Ten Republicans are among the 13 candidates seeking election to the vacant 9th U.S. Congressional District seat after the 2018 contest was marred with so much fraud the State Board of Elections ordered a new contest.

Candidate filing ended at 5 p.m. Friday, March 15. Only the Republican Party drew multiple candidates. It will be the only party to hold a May 14 primary. The general election is scheduled Sept. 10.

Among recognizable candidates seeking the GOP primary nomination are two-term state Sen. Dan Bishop of Charlotte, who also served one term in the House; former three-term state House member and one-term state senator Fern Shubert, who previously ran for governor and state auditor; Union County Commissioner Stony Rushing, who was endorsed by last year’s 9th District nominee Mark Harris; former Mecklenburg County Commissioner Matthew Ridenhour; and two-time 10th Congressional District candidate Albert Wiley.

Former Supreme Court candidate Chris Anglin threw a curve at Republicans when he entered the race Friday afternoon. Anglin, a former Democrat who changed his registration last year, successfully sued GOP leaders to run as a Republican. They claimed he was a Democratic Trojan Horse candidate, but dropped appeals after the Court of Appeals upheld a Wake County judge’s ruling saying he could be listed on the ballot as a Republican.

“He will not be allowed to access any GOP data, information, or infrastructure. As allowed by Republican Party rules, our committees with jurisdiction over this matter will confirm my decision in due course,” Party Chairman Robin Hayes said in a press release shortly after Anglin filed.

Democrat Dan McCready and Libertarian Jeff Scott, both of Charlotte, are again in the running for the congressional seat. Neither man has a challenger so they automatically advance to the Sept. 10 general election. Former state Senate candidate Allen Smith of Charlotte is the only Green Party candidate, so he also avoids a primary.

McCready trailed Harris by 905 votes in the Nov. 6 election. Scott was a distant third. But the State Board of Elections twice refused to certify the results of that election, and Harris lost a court fight to force the elections board to name him the winner.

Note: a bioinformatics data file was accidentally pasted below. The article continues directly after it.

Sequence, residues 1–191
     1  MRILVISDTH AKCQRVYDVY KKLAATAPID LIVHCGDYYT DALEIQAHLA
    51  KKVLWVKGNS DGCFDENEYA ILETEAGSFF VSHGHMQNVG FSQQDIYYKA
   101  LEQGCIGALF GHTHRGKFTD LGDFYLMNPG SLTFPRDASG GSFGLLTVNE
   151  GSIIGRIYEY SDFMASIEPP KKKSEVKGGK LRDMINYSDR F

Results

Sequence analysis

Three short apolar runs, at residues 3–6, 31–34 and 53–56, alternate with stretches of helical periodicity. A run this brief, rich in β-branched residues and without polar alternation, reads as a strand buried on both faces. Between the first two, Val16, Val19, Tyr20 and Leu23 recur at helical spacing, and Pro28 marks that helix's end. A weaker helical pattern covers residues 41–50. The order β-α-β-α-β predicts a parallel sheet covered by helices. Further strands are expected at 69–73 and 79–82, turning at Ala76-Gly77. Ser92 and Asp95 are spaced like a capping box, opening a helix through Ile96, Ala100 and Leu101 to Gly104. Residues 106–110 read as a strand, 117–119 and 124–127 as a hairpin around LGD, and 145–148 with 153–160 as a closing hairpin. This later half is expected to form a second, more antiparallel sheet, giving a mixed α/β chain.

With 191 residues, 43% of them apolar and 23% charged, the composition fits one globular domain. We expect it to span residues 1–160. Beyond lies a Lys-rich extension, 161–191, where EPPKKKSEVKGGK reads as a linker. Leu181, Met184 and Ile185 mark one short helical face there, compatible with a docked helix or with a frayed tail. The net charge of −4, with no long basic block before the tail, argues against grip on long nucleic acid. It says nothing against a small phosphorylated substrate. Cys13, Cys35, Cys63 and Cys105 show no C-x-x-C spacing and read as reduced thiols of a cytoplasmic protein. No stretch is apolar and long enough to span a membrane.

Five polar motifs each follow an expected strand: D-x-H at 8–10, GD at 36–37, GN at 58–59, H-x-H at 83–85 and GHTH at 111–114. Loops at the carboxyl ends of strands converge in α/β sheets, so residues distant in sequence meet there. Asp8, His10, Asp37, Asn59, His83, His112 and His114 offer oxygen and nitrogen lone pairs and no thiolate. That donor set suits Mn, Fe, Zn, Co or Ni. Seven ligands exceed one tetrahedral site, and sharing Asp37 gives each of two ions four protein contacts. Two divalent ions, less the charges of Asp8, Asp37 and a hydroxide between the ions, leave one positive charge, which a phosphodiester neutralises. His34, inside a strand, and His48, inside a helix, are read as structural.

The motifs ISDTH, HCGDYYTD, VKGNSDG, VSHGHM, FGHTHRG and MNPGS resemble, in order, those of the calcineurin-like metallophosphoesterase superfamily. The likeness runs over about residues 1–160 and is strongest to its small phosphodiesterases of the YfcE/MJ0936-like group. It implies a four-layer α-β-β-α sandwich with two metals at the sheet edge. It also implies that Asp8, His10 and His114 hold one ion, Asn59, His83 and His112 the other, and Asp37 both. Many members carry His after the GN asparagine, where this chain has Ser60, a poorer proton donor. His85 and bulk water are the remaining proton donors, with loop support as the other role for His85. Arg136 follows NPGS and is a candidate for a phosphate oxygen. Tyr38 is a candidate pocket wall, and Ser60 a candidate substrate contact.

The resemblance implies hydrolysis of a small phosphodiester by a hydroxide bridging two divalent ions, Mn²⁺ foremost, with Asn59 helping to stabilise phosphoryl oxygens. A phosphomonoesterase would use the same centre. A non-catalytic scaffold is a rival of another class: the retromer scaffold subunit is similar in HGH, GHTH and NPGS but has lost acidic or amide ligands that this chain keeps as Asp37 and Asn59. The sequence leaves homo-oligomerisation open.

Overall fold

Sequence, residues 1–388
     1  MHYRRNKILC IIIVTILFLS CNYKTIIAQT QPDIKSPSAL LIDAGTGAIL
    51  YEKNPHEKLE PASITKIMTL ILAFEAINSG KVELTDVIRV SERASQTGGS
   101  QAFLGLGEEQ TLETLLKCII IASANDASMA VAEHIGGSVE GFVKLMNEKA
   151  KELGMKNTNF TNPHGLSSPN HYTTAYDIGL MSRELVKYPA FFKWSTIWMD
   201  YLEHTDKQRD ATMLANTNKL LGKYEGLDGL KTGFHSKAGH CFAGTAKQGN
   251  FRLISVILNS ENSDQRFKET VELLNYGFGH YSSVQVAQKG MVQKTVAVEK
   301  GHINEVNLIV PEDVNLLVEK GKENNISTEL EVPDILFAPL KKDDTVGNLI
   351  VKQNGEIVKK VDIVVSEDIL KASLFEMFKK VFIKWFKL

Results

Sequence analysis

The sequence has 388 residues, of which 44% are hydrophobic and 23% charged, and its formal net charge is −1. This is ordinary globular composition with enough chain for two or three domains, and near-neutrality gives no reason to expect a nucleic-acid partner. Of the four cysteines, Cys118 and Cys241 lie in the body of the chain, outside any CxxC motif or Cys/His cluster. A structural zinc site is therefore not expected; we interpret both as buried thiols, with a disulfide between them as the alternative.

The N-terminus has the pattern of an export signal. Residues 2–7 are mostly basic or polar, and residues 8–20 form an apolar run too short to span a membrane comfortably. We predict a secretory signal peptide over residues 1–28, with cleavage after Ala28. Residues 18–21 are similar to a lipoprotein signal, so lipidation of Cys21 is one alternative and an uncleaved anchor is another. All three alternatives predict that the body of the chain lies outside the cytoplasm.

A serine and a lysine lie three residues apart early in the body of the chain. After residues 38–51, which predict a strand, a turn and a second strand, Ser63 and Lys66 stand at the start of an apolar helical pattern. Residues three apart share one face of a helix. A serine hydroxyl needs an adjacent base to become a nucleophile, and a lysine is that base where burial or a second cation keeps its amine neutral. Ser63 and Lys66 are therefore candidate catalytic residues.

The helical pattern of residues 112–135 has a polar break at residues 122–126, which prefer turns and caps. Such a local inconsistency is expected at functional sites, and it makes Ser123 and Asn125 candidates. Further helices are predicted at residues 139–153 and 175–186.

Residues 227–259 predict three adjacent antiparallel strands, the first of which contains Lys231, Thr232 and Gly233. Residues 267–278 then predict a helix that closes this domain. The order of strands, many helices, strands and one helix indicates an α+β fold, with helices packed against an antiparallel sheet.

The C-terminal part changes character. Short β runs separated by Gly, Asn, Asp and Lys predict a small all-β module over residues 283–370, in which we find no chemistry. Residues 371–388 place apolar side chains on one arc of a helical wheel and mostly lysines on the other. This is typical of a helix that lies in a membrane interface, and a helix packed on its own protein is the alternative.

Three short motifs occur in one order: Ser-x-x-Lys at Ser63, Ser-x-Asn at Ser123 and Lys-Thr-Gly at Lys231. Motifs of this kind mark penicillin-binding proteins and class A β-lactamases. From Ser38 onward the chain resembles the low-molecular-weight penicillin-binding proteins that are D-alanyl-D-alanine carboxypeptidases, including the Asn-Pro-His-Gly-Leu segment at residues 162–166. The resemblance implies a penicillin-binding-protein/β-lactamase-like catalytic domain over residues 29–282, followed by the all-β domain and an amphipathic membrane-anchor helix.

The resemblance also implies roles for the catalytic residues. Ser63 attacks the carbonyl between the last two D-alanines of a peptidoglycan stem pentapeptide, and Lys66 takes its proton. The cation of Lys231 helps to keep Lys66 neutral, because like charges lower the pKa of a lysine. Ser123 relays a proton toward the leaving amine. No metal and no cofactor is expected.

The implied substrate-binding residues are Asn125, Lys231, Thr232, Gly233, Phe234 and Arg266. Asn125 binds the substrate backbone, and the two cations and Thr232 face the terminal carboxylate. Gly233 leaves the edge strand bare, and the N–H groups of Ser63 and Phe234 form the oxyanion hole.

In the midst of a four-day evidentiary hearing Harris abruptly ceased testimony Feb. 21, and called for a new election. Harris denied knowledge of any wrongdoing by his campaign workers, but chose not to run in the new election.

The elections board set election dates at a March 4 meeting.

If no candidate receives 30 percent of the May 14 primary vote a runoff would take place Sept. 10. The general election would be pushed back to Nov. 5.

While congressional candidates must be at least 25 years old, and a U.S. citizen for seven years, they do not have to reside in the congressional district they seek to represent.

The elections board determined the order in which Republican candidates will appear on the primary ballot 15 minutes after filing ended.

The letter F was pulled in a drawing of letters. Then a coin flip determined names would be listed in alphabetical order starting with F. Here’s how the GOP candidates will appear on the ballot:

  • Stevie Rivenbank Hull, Fuquay-Varina
  • Matthew Ridenhour, Charlotte
  • Stony Rushing, Wingate
  • Fern Shubert, Marshville
  • Albert Lee Wiley Jr., Salter Path
  • Chris Anglin, Raleigh
  • Dan Bishop, Charlotte
  • Leigh Thomas Brown, Harrisburg
  • Kathie Day, Cornelius
  • Gary Dunn, Matthews

Another special election is being conducted in the 3rd Congressional District due to the death of 13-term Republican U.S. Rep. Walter Jones in February. That race features 26 candidates. The primary is set for April 30, and the general election for July 9. If a runoff election is necessary it will be on July 9, with a general election Sept. 10.

The 9th Congressional District includes Anson, Richmond, Scotland, Robeson and Union counties, and parts of Mecklenburg, Bladen, and Cumberland counties.